I'm often baffled at Christians who insist that every single word in the Bible is a literal truth and that everyone has to follow rules developed thousands of years ago for people who lived in a nomadic society, want their 10 commandments inscribed on every square inch of government property not taken up with nativity scenes, but feel that it's ok to, for example, kill abortion providers or, in this story, steal signs from stores selling Pagan supplies. It's not as if those bits are ambiguous; "Thou Shalt Not Kill," and "Thou Shalt Not Steal" are pretty clear-cut. No exemptions for situational ethics or in service to some higher good. After all, "'Vengence is mine,' sayeth the Lord."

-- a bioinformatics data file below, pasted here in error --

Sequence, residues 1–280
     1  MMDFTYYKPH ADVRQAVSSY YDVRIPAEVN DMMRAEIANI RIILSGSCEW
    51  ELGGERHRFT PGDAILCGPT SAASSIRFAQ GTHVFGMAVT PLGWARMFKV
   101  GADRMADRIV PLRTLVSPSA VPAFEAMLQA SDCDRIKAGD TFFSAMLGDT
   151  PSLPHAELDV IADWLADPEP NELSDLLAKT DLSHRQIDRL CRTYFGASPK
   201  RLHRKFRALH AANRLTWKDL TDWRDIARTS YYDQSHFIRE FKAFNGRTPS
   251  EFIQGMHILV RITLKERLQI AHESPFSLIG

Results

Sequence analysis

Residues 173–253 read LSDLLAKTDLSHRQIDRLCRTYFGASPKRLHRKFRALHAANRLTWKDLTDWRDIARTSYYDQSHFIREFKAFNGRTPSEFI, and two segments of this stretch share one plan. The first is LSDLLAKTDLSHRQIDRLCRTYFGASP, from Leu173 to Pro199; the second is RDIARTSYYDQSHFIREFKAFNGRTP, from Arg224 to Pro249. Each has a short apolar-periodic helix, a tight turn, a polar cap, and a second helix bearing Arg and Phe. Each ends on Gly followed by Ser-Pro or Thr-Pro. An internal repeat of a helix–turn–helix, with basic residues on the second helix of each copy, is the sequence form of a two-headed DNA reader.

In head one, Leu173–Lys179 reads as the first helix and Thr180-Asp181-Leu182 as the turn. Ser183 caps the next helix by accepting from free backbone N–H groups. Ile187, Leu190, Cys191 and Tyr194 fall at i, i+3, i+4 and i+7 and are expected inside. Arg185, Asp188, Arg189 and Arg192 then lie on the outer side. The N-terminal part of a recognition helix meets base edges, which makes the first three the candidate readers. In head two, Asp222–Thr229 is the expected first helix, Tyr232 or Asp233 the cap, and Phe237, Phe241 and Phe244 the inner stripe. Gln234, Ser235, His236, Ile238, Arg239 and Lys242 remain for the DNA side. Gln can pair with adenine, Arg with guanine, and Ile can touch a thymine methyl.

Speeding to get away from the police, ok, you can argue about whether that falls under "Render unto Caesar that which is Caesar's," but the not stealing bit seems fairly unambiguous.
And, as always, if you're going, as this story does, to capitalize "Christian," then you should, as this story fails to do, capitalize "Pagan." Both are umbrella terms for a variety of religions.
I'm a woman, a Witch, a mother, a grandmother, an eco-feminist, a gardener, a reader, a writer, and a priestess of the Great Mother Earth. Hecate appears in the
Homeric Ode to Demeter, which tells of Hades who caught Persophone
"up reluctant on his golden car and bare her away lamenting. . . . But no one, either of the deathless gods or of mortal men, heard her voice, nor yet the olive-trees bearing rich fruit: only tenderhearted Hecate, bright-coiffed, the daughter of Persaeus, heard the girl from her cave . . . ."